Policy Priority

STEM Education

Exciting and educating young people in STEM

Demand for STEM skills in Australia is clear, presenting an opportunity to grow high-skilled Australian jobs; 75 per cent of the fastest-growing occupations require significant STEM skills and knowledge. STEM-based employment is projected to grow at almost twice the pace of other occupations. Yet recent ABS statistics show employers are still having difficulty recruiting STEM-skilled professionals, particularly in mining, manufacturing and electricity, gas water and waste services.

Increasing the use of inquiry-based and problem-based pedagogies within STEM and other subjects, taking advantage of industry partnerships where appropriate, and exploring the use of new educational technologies will significantly improve the quality of education in Australia. It is also critical that teachers are trained to be skilled and confident in STEM subject matter.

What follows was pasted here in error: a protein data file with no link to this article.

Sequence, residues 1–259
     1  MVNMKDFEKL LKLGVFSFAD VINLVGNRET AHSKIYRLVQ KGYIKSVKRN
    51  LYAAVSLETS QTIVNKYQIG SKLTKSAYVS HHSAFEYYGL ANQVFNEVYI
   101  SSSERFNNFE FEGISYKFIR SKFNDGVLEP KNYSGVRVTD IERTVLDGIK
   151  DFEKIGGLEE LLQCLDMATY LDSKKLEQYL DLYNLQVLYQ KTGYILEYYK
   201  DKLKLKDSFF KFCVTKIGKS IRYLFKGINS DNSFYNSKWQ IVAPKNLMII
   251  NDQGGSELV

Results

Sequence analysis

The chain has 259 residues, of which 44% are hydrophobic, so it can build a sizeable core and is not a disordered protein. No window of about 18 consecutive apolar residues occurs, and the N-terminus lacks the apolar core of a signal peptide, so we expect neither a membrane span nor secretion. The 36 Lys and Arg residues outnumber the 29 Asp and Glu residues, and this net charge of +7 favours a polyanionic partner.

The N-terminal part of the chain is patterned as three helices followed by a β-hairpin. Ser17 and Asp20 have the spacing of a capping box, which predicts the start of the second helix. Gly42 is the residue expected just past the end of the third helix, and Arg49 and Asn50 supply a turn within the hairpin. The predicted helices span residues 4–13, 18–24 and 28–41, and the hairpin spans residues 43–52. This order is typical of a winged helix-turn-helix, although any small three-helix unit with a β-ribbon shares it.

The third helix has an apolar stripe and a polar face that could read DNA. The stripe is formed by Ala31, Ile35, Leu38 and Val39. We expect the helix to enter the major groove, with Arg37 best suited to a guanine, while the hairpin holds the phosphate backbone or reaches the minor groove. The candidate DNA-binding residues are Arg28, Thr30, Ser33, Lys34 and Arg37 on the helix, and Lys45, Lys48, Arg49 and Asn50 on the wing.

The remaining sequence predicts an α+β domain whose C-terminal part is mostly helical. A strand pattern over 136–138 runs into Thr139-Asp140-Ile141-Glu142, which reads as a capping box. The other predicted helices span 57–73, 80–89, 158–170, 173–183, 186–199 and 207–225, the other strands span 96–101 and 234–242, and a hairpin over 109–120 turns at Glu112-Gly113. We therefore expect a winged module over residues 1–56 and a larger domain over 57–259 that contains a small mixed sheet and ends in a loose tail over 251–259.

ATSE partnered with the Australian Academy of Science to develop the Women in STEM Decadal Plan, and we have developed a number of programs that aim to improve quality, participation and gender equity in STEM sectors and STEM education, which include:

  • STELR (Science and Technology Education Leveraging Relevance), a program that has supported science in secondary schools since 2007 with authentic, inquiry-based and problem-based pedagogies
  • Science in Australia Gender Equity (SAGE), which aims to improve gender equity and diversity in STEMM in Australia’s higher education and research sector
  • Industry Mentoring Network in STEM (IMNIS), which provides STEM PhD students the opportunity to engage with industry, extend their professional network, and obtain advice from influential industry mentors. Ninety per cent of IMNIS alumni are considering or actively pursuing careers in industry – compared to only about 30 per cent of PhD graduates not participating in the program.